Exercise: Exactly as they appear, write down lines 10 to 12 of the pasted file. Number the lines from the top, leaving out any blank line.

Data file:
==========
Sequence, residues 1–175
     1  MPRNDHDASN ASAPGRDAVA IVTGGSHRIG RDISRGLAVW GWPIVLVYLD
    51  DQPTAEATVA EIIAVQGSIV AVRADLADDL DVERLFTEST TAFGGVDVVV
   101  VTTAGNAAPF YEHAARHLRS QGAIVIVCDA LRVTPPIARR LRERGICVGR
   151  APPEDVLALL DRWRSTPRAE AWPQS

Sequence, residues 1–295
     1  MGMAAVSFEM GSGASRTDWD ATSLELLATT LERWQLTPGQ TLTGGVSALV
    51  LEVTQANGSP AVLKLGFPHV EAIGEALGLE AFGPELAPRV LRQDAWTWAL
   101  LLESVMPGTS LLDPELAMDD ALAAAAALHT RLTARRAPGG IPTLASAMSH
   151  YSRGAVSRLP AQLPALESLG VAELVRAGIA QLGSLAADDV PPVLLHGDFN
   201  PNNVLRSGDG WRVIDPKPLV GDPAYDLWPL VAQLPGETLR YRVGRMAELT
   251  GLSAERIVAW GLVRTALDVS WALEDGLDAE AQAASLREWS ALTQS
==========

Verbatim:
   151  YSRGAVSRLP AQLPALESLG VAELVRAGIA QLGSLAADDV PPVLLHGDFN
   201  PNNVLRSGDG WRVIDPKPLV GDPAYDLWPL VAQLPGETLR YRVGRMAELT
   251  GLSAERIVAW GLVRTALDVS WALEDGLDAE AQAASLREWS ALTQS